How to Analyze Your Findings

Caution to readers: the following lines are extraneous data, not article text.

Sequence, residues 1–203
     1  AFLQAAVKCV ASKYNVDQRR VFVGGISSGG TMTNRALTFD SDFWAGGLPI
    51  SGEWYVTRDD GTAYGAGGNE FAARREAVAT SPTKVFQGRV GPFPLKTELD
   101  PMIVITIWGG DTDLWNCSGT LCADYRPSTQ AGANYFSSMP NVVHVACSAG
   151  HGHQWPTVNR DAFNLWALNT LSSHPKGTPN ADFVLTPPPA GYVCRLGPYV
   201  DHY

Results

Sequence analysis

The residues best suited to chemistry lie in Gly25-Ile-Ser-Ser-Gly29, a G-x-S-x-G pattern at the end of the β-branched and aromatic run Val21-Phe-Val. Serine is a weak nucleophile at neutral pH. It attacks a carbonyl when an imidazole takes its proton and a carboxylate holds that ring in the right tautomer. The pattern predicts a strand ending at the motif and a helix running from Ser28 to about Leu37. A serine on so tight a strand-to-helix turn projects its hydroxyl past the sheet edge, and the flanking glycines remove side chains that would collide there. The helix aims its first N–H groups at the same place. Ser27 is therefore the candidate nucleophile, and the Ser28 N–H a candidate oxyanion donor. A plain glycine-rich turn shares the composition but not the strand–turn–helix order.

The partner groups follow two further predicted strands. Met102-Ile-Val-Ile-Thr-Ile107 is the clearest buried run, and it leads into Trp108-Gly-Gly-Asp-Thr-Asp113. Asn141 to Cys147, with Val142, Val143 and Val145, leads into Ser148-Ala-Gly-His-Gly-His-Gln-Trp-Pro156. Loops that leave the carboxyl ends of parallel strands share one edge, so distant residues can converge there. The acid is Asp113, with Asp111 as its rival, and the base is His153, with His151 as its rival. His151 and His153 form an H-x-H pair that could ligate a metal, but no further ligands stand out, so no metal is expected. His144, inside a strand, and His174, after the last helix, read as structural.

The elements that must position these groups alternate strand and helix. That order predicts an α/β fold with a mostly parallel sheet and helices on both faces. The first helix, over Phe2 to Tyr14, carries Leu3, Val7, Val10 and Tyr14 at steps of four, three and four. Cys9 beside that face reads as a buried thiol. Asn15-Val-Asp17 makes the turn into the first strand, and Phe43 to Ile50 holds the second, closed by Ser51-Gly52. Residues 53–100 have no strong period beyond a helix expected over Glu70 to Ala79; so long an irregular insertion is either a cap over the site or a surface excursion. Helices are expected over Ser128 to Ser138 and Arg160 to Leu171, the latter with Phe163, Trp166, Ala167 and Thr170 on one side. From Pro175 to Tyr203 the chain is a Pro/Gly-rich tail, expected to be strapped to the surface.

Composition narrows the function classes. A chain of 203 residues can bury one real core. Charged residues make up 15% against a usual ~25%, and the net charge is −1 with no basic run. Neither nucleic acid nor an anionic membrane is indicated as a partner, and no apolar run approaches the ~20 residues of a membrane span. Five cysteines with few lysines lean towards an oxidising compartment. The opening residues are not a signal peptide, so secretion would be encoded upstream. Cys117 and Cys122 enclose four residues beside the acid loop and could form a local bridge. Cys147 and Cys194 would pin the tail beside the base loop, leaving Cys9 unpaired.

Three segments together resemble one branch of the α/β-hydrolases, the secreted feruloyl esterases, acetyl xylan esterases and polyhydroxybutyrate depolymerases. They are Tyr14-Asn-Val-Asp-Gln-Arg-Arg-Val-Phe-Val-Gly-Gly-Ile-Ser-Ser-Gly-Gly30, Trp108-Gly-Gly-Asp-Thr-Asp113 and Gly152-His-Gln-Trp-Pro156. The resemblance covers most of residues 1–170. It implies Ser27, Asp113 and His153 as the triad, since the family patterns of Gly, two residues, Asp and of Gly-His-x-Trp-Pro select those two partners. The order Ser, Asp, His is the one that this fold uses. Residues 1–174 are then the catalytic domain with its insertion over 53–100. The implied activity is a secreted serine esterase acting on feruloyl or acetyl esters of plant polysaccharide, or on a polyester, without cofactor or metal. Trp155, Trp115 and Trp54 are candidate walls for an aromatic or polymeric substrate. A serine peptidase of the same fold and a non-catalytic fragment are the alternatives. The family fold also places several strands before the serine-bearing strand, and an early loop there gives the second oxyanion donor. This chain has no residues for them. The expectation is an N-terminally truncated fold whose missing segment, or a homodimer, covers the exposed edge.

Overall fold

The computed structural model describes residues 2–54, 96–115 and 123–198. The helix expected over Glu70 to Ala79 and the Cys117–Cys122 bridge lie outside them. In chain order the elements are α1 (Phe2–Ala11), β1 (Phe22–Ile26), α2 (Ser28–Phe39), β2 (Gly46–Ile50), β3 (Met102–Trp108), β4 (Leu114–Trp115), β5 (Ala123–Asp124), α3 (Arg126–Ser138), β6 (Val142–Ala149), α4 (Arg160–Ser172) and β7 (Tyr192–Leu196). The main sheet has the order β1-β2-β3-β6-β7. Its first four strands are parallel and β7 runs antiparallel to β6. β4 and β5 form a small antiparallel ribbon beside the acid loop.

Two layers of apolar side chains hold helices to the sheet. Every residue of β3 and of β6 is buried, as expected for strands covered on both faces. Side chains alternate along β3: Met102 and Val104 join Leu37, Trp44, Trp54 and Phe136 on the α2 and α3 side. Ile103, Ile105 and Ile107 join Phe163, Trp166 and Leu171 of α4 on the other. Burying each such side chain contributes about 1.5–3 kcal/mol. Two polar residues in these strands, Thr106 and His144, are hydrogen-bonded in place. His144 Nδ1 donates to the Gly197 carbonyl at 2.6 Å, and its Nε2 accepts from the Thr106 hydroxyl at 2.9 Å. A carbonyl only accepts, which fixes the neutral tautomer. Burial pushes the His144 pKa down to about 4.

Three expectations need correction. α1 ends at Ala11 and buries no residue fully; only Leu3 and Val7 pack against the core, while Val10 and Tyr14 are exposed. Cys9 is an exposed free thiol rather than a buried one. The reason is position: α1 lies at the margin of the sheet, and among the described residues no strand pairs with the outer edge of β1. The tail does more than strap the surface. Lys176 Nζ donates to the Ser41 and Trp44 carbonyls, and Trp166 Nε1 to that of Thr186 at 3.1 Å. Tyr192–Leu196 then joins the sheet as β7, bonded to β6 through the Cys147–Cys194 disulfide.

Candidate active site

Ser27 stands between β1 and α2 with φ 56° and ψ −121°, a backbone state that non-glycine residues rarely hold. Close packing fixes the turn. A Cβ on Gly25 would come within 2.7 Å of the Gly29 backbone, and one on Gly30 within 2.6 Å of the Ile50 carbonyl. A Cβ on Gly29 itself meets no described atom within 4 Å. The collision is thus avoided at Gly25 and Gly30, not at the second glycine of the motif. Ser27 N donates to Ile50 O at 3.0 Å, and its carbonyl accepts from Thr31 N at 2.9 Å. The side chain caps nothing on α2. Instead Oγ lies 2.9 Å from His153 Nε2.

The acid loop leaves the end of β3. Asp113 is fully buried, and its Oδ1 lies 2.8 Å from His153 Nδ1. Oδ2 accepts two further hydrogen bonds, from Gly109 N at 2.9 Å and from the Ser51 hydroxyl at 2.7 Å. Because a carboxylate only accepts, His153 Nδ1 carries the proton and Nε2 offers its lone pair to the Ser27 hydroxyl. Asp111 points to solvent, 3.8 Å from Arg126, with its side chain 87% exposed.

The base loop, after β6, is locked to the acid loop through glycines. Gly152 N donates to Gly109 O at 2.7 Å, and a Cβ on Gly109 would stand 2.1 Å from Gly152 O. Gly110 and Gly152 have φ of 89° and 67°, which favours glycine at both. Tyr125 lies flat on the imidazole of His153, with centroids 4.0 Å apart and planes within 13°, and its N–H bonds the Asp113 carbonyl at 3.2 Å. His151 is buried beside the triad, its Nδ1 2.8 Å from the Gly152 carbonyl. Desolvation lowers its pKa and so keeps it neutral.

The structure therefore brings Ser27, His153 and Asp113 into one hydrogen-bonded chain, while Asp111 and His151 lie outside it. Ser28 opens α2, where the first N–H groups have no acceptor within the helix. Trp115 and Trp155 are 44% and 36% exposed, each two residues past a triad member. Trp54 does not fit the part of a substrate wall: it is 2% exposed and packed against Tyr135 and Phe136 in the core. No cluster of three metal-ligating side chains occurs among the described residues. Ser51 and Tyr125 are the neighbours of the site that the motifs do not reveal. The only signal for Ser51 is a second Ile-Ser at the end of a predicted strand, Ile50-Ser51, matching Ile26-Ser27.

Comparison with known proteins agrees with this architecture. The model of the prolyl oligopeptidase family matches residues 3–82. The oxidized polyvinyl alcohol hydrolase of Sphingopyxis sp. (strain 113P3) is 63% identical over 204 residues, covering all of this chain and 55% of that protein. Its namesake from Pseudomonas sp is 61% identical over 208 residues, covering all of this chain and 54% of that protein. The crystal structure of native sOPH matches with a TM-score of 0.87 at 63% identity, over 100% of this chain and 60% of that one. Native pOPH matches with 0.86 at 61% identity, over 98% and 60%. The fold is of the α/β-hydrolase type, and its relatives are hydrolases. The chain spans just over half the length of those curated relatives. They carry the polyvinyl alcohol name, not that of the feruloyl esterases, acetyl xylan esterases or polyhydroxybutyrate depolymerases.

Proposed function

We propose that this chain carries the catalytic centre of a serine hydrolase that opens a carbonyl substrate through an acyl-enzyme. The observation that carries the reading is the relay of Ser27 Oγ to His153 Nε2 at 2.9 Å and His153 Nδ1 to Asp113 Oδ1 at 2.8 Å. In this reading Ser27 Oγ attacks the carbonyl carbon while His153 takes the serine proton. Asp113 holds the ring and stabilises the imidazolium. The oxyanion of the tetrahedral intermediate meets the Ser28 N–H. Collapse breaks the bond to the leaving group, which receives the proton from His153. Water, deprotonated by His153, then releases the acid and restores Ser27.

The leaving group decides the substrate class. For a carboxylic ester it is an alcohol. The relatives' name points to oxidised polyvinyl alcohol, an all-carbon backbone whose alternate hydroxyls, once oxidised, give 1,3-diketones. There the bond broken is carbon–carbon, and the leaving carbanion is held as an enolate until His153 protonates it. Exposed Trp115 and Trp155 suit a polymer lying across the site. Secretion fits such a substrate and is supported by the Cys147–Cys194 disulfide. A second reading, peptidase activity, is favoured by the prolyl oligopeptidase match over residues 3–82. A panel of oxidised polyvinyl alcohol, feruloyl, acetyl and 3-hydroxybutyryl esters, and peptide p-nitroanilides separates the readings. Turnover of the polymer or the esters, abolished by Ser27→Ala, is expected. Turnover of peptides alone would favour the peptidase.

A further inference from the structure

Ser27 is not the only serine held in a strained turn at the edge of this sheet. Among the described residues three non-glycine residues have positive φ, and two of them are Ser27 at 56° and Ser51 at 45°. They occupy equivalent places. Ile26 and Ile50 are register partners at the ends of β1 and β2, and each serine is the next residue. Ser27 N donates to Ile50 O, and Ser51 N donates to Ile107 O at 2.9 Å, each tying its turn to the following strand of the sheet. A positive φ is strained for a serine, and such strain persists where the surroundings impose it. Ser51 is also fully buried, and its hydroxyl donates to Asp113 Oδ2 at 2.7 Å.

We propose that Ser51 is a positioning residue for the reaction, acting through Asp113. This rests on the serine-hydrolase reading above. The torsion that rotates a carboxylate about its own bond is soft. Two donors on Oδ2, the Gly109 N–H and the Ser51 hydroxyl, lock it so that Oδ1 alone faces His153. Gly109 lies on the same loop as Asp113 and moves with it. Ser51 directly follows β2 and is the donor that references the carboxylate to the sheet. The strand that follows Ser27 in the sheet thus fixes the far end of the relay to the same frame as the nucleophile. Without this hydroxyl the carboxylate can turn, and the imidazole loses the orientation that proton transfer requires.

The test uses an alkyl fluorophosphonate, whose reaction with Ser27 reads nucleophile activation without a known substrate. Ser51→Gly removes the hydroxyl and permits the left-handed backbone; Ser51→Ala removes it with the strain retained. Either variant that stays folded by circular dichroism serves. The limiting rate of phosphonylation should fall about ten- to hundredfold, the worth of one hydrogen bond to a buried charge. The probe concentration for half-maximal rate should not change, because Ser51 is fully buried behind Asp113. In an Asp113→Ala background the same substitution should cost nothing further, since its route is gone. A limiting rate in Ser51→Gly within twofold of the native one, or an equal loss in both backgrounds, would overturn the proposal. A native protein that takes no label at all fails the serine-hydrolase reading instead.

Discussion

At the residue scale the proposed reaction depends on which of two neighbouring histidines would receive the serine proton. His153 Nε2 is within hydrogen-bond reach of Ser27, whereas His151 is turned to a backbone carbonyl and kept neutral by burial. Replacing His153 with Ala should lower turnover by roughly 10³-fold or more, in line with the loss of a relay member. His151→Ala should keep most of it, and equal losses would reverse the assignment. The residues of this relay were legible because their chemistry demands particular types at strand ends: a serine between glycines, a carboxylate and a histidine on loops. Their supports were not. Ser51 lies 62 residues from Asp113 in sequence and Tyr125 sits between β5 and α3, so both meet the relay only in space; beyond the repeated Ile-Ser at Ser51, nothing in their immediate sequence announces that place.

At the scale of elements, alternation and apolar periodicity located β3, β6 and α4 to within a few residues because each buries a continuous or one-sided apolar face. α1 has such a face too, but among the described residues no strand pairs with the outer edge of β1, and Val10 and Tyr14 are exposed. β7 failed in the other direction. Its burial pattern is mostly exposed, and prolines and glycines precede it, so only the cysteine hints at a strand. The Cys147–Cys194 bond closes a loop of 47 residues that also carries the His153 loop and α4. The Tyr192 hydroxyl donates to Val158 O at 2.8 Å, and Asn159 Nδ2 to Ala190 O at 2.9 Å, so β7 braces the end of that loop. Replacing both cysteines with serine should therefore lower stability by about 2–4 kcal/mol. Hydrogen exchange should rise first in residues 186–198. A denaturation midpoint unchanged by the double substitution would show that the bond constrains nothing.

So you made your survey. Now you have sent it out to people, and how long should you wait for responses for? It just depends, like in my case, I had 400 responses in something like a week. So it really depends on how it's going for you. And I would also say if you find it's slow to get responses, just remember people are busy. Their inboxes are full. So don't be afraid to send a follow-up email, nudge people along to try and get that. Or try and have a phone call with them too, you could easily use that survey question set and just use it as a script for a little discussion you might have. Or use it as a script for a little focus group you might have. If maybe you feel like your audience, your potential customer might respond better if you said, hey, come over to my place and we'll have wine and discuss topic X, that might be more compelling for people than to fill out a survey, who knows. So after you get the survey done though, how do you make sense of all the results? Because what c...